Corpus: Part III

“He was an oblivion seeker, a fucking lotus eater. I never wanted that. I was the kind of drug addict that just wanted to be comfortable in my skin.”
–Courtney Love

If I looked around my collection of friends after six weeks in Corpus Christi, I had to admit that the effort had been lacking on my part. I could possibly count Natalia, the specter of Elena, and the guy walking next to me on the sidewalk, whose name I still did not know.

As I debated whether to swallow my pride and ask, he opened the door for me and, together, we stepped into the lobby of the bank. Almost immediately, the woman at the desk just inside the door perked up and called out, “Welcome, Mr. Rodriguez! How can we help you today?”

Mr. Rodriguez, whose tattoos swirled above his collar and down past the ends of his sleeves, extended an ink-covered wrist to quickly shake the hand the woman offered as she walked around her desk to greet him. I glanced around the lobby, making sure Mr. Rodriguez noticed my get-a-load-of-this-guy facial commentary, and clocked a security guard with his back against the opposite wall.

“I need to move some money around for payroll,” Mr. Rodriguez was saying. “A few of the guys asked for advances on their paychecks. Valentine’s Day.” He shrugged.

The suit smiled, utterly charmed, and walked with Mr. Rodriguez to the teller line. “And what are you plans?” she asked, almost imperceptibly cutting her eyes at me.

“I’m not sure yet,” Mr. Rodriguez said casually, and she smiled before walking away.

“Mr. Rodriguez?” I teased almost the second she was out of earshot.

“Nick,” he said. “My name is Nick. Not that you asked.”

“You just made all that up on the fly, didn’t you? About moving money around?”

“You could’ve done the same.”

“Finance people freak me out.”

“Why, because they’re all a bunch of whores?” Before I could say anything, he moved up to the teller who had just become available, calling her by name (Bernice), making a big production out of not having filled out any forms as he pulled a stack of bills from his wallet. I took my cue to wander around, surreptitiously surveying the building’s interior.

There wasn’t much to see. I knew the building had been completely gutted in the seventies, which was one of the worst times for anyone to undergo a makeover. Still, Clara Driscoll had died here, twenty stories above my head in the penthouse, and I half-expected to find something. A plaque or a portrait or one of those commemorative stars for the State of Texas. It seemed strange to have stumbled across one in Austin, but here, where I had specifically came looking, there seemed to be no trace of Clara.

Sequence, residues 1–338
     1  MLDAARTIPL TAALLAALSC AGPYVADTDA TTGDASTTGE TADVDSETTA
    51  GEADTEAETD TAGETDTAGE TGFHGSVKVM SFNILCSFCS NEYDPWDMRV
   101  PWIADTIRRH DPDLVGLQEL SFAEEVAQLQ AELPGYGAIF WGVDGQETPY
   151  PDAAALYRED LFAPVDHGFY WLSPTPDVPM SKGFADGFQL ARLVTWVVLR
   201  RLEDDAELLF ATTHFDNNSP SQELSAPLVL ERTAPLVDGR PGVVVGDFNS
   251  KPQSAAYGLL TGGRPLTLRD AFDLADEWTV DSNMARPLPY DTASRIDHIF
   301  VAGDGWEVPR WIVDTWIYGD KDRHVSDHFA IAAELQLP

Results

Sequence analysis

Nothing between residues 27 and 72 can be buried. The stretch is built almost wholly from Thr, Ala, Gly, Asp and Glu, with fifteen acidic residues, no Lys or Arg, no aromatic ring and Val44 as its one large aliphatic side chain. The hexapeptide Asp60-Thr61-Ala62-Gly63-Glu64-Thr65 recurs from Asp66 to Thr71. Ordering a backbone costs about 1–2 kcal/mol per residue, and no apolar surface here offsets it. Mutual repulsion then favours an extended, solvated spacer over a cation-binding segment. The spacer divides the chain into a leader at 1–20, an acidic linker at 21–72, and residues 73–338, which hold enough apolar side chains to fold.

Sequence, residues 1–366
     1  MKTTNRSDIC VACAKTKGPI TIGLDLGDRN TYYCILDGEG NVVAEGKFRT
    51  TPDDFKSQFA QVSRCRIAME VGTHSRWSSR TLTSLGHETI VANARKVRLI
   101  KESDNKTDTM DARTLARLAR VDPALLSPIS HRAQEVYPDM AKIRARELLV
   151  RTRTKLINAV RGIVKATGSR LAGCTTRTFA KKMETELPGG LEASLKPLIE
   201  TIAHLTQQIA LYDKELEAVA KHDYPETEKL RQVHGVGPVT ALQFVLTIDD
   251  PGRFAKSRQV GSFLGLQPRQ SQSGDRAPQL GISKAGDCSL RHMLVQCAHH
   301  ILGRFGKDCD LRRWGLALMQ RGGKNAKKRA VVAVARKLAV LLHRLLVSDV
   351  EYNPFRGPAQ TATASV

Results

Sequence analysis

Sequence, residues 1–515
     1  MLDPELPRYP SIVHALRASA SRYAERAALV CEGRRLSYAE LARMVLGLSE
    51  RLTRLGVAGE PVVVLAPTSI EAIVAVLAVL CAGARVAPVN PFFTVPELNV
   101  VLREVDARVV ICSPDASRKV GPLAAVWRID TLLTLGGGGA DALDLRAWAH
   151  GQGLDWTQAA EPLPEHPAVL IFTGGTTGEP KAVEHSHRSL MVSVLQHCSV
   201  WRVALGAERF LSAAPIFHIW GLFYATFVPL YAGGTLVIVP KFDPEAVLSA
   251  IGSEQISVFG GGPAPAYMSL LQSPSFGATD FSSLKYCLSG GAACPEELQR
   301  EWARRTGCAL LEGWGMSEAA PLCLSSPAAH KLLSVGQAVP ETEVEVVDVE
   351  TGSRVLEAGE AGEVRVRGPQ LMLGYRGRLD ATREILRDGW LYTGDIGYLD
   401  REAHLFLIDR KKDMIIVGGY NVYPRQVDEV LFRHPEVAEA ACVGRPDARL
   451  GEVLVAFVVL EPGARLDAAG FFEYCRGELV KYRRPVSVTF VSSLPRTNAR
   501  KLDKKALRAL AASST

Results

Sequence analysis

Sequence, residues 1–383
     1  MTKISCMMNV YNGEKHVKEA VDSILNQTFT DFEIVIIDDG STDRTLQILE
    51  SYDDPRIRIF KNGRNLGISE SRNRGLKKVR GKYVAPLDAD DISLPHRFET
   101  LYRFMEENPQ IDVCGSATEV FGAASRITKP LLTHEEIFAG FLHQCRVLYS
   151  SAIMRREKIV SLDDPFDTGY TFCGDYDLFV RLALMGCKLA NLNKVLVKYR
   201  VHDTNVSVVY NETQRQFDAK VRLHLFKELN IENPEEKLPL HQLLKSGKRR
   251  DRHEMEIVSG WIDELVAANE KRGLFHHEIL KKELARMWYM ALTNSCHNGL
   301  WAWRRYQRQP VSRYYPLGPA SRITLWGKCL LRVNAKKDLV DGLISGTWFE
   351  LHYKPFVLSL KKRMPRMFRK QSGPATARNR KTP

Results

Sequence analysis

I was fidgeting with annoyance when I noticed the security guard checking me out. He wasn’t even very subtle about it, so I looked right back, which he seemed to like. I would guess he was in his forties, responsible enough to be allowed to carry a gun, but not much else going on between the ears.

I completed my revolution around the lobby and returned to the teller cages just as Mr. Rodriguez finished his banking business. As far as I could tell, he’d simply moved money in a big circle through a series of transactions, but both he and the teller appeared to have thoroughly enjoyed themselves.

“Did you want to speak to Bernice about opening an account here?” Nick leveled eyes with me, but I shook my head.

“Not today. I might come back another time, but we should get going if you’re going to change before dinner.”

“You almost had me with that one,” Nick said under his breath as we exited the lobby, waving goodbye to the suit at the desk.

“Well, why not?” I said. “It’s the least I could do after being accompanied to the bank by Mr. Rodriguez himself.”

“Man, it’s Valentine’s Day. Do you know how packed everything is going to be?”

“So let’s go to some hole in the wall, somewhere no one would think of for Valentine’s.”

“My cousins have a restaurant down the beach. Do you feel like going for a drive?”

“Sure, but we’re taking my car this time.”

 

We wound up sharing Valentine’s Dinner at a beachside cantina. He waited the obligatory three days before calling me at work on a Friday, and we made plans for Saturday. He wound up staying over at my place that night, after earning Buffy’s approval, and once more the following week. The next Friday, I had committed to seeing a friend in Austin for her birthday, though by then I preferred Corpus over Austin. I made arrangements for Natalia to feed Buffy and stopped by the tattoo shop on my way out of town that afternoon. He presented me with the most serious signpost of our fledgling relationship thus far: a mix tape.